#Aguascalientes2017: Day four morning review

The heat swims of the 2017 International Federation for Intellectual Impairment Sport (World Intellectual Impairment Sport) Swimming Championships delivered great performances on Saturday (2 December).

In the women’s 100m freestyle S14 Brazil’s Ana Karolina Soares Oliveira (1:03.41) had a successful return to the pool. The 17-year-old went quickest in the women’s 100m freestyle S14 after winning gold in the women’s 50m butterfly S14 on Friday (1 December).

The USA’s Leslie Cichoki (1:06.75) was second and Australia’s Jade Lucy (1:07.50) third.

France’s Nathan Maillet (58.15) advanced to the final of the men’s 100m freestyle S14 as the quickest.

Brazilian teammates Andre Luiz Bento Silva (1:00.31) and Gutemberg De Souza (1:00.74) finished within a whisker of each for second and third respectively.

Japan’s Yasuhiro Tanaka (33.01) heads through to the final of the men’s 50m breaststroke in pole position. His teammate Shinichi Hirota (33.71), the bronze medallist from 2015, was second. The Czech Republic’s Vladimir Hlavac (34.23) was third.

The women’s was led by Brazil’s Debora Borges Carneiro (38.13). Australia’s 2015 silver medallist Jaime-Lee Getson (39.73) was second and Japan’s Remi Watanabe (41.52) third.

In the men’s 100m butterfly Japan’s Haruki Takayanagi (1:04.82) is in a good position to improve on his silver medal from 2015. He leads compatriots Shunya Murakami (1:05.51) and Shota Zayasu (1:07.33) into second and third, respectively.

Cichoki (1:15.56) led the women in the 100m butterfly S14 heats. Australia’s Nikesha Sophia Harding (1:16.07) was second quickest and Chinese Taipei’s defending champion Jo Lin Tu (1:18.74), third.

Trial significant additional impairment groups

Brazil’s Caique Aimore (1:07.67) qualified fastest in the men’s 100m freestyle – Down syndrome heats. Colombia’s Jaider Stiwen Hernandez (1:10.90) was second. Great Britain’s Billy Birchmore (1:11.28) was third.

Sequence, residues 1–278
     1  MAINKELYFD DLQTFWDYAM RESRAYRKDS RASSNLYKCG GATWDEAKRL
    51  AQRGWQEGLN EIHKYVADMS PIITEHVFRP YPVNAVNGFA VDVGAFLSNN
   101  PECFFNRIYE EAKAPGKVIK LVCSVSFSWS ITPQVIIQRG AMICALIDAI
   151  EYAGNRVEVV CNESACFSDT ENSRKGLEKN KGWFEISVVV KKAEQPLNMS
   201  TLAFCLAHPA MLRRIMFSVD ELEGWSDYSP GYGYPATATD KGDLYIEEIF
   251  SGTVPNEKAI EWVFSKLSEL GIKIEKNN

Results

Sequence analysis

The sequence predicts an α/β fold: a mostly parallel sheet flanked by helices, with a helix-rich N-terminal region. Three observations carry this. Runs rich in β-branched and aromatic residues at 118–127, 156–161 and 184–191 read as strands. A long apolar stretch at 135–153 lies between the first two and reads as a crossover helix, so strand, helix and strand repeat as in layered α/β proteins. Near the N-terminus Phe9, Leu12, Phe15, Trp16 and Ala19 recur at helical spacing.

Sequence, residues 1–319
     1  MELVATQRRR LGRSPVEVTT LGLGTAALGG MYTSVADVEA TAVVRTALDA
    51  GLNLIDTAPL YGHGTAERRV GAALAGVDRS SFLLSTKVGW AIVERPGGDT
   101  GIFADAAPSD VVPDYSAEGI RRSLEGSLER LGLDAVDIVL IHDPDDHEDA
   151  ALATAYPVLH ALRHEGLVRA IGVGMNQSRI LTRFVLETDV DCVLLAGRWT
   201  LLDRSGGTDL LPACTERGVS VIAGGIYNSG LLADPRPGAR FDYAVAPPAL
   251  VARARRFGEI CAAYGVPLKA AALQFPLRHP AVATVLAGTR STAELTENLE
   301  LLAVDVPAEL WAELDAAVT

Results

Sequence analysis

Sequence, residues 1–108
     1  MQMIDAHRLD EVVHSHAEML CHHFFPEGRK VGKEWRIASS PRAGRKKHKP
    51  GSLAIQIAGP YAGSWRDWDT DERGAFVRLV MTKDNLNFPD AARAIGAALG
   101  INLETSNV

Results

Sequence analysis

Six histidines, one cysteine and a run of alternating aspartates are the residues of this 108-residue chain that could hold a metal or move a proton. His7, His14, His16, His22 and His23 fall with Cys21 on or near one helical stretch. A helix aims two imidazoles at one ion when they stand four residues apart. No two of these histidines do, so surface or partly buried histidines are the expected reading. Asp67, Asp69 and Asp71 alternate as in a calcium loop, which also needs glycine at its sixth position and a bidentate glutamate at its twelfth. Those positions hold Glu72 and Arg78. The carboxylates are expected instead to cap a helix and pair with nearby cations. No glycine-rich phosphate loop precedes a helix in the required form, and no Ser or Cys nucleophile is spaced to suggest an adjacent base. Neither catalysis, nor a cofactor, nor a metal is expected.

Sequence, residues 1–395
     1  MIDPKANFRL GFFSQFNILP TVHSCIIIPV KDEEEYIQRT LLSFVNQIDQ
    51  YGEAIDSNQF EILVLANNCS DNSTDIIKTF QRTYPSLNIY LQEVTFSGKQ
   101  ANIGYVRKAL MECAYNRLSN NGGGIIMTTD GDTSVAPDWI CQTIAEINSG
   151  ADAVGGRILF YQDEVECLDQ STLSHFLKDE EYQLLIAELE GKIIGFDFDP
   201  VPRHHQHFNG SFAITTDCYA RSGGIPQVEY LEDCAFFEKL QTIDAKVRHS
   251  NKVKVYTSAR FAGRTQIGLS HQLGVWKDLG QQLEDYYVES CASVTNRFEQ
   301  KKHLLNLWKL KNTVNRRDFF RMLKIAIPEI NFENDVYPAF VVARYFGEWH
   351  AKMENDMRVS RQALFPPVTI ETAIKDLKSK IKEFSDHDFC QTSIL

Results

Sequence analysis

In the women’s equivalent Mexico’s Dunia Camacho Marenco (1:23.26) went quickest. Spain’s Camino Martinez De La Riva (1:29.02) was second. Mexico’s Paola Veloz Barcenas (1:29.46) was third.

The men’s 50m breaststroke – Down syndrome heat was also won by Aimore (39.55). Spain’s Carlos Hernandez Ortiz (43.70) was second and Mexico’s Jesus Salvador Montoya (46.22) was third.

The women’s event was led by South Africa’s Melisa Van Bosch (51.01). Brazil’s Kelly Da Silva Antunes (52.22) follows Van Bosch into the final in second. Mexico’s Daniela Michelle De Lorea (54.97).

In the men’s 100m butterfly – Down syndrome Birchmore (1:20.82) went quickest. France’s Axel Belig (1:21.03) was second and Mexico’s Jesus Garcia Gonzalez (1:21.31) third.

In the women’s France’s Cleo Renou (1:47.08) led the field. Mexico’s De Lorea (1:57.20) was second and Antunes (1:59.66), third.

The USA’s Anna Beam (1:37.70) won gold in the women’s 100m freestyle – autism.

Youth (under-17s)

Mexico’s Alejandro Alvarado Alvarado (1:03.13) clinched the men’s 100m freestyle title. His teammate, Angel Fernando Gutierrez (1:05.37), claimed silver.

Mexico’s Nahum Hernandez Cetina (40.99) claimed the victory in the men’s 50m breaststroke. Australia’s Jarrod Le (41.55) grabbed the silver. Cetina(1:12.51) also won gold in the men’s 100m butterfly.

Austria’s Janina Falk, 14, won gold in the women’s 50m breaststroke under-17s after her heat swim.

Full results are available at www.inas.org/events/results/results-2017-inas-swimming-championships

The 2017 World Intellectual Impairment Sport Swimming Championships run until 3 December.

Live coverage, behind the scenes content, videos and pictures are available at World Intellectual Impairment Sport Facebook and Twitter.

Trial eligibility groups are being run in Down syndrome and autism.

Two eligibility groups are being trialled in Aguascalientes -1. Athletes with significant additional impairment – for athletes with an intellectual impairment and a further significant impairment. Initially this will be restricted to athletes with Down syndrome. 2. For athletes with autism.